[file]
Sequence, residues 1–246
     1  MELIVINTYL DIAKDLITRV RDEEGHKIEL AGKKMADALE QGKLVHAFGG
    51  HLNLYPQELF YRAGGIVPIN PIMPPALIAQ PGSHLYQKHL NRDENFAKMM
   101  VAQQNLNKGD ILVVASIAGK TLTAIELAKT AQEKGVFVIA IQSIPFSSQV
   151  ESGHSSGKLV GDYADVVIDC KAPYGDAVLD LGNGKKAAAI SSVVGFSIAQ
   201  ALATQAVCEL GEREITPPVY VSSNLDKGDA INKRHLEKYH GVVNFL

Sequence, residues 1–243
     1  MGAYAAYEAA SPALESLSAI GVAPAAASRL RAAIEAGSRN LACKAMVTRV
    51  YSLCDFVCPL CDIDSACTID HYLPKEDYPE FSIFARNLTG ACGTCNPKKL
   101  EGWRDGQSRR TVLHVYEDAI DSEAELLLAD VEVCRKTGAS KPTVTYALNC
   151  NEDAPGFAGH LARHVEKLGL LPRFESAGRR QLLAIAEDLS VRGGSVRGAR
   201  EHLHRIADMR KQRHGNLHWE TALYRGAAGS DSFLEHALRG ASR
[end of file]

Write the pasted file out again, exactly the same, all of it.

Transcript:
Sequence, residues 1–246
     1  MELIVINTYL DIAKDLITRV RDEEGHKIEL AGKKMADALE QGKLVHAFGG
    51  HLNLYPQELF YRAGGIVPIN PIMPPALIAQ PGSHLYQKHL NRDENFAKMM
   101  VAQQNLNKGD ILVVASIAGK TLTAIELAKT AQEKGVFVIA IQSIPFSSQV
   151  ESGHSSGKLV GDYADVVIDC KAPYGDAVLD LGNGKKAAAI SSVVGFSIAQ
   201  ALATQAVCEL GEREITPPVY VSSNLDKGDA INKRHLEKYH GVVNFL

Sequence, residues 1–243
     1  MGAYAAYEAA SPALESLSAI GVAPAAASRL RAAIEAGSRN LACKAMVTRV
    51  YSLCDFVCPL CDIDSACTID HYLPKEDYPE FSIFARNLTG ACGTCNPKKL
   101  EGWRDGQSRR TVLHVYEDAI DSEAELLLAD VEVCRKTGAS KPTVTYALNC
   151  NEDAPGFAGH LARHVEKLGL LPRFESAGRR QLLAIAEDLS VRGGSVRGAR
   201  EHLHRIADMR KQRHGNLHWE TALYRGAAGS DSFLEHALRG ASR